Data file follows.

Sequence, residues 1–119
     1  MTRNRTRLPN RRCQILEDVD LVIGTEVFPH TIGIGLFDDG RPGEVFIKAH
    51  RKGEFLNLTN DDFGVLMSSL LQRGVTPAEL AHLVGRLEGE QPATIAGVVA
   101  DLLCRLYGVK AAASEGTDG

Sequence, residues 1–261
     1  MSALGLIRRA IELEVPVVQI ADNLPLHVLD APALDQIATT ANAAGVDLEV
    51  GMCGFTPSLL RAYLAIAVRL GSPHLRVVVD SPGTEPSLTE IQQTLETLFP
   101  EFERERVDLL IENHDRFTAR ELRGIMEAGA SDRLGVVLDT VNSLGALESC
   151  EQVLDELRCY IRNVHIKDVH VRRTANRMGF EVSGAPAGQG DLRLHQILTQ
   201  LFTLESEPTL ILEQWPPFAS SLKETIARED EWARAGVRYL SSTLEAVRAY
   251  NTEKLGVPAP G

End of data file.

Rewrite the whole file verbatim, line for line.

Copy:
Sequence, residues 1–119
     1  MTRNRTRLPN RRCQILEDVD LVIGTEVFPH TIGIGLFDDG RPGEVFIKAH
    51  RKGEFLNLTN DDFGVLMSSL LQRGVTPAEL AHLVGRLEGE QPATIAGVVA
   101  DLLCRLYGVK AAASEGTDG

Sequence, residues 1–261
     1  MSALGLIRRA IELEVPVVQI ADNLPLHVLD APALDQIATT ANAAGVDLEV
    51  GMCGFTPSLL RAYLAIAVRL GSPHLRVVVD SPGTEPSLTE IQQTLETLFP
   101  EFERERVDLL IENHDRFTAR ELRGIMEAGA SDRLGVVLDT VNSLGALESC
   151  EQVLDELRCY IRNVHIKDVH VRRTANRMGF EVSGAPAGQG DLRLHQILTQ
   201  LFTLESEPTL ILEQWPPFAS SLKETIARED EWARAGVRYL SSTLEAVRAY
   251  NTEKLGVPAP G